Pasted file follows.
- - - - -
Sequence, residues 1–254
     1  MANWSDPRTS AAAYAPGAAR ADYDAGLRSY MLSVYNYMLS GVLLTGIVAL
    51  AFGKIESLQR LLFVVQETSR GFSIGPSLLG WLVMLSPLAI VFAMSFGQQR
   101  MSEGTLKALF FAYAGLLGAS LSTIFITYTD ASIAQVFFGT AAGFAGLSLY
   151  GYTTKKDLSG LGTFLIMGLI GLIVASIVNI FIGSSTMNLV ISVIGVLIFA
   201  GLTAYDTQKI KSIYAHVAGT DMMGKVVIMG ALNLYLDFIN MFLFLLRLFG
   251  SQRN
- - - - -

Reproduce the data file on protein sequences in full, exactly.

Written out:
Sequence, residues 1–254
     1  MANWSDPRTS AAAYAPGAAR ADYDAGLRSY MLSVYNYMLS GVLLTGIVAL
    51  AFGKIESLQR LLFVVQETSR GFSIGPSLLG WLVMLSPLAI VFAMSFGQQR
   101  MSEGTLKALF FAYAGLLGAS LSTIFITYTD ASIAQVFFGT AAGFAGLSLY
   151  GYTTKKDLSG LGTFLIMGLI GLIVASIVNI FIGSSTMNLV ISVIGVLIFA
   201  GLTAYDTQKI KSIYAHVAGT DMMGKVVIMG ALNLYLDFIN MFLFLLRLFG
   251  SQRN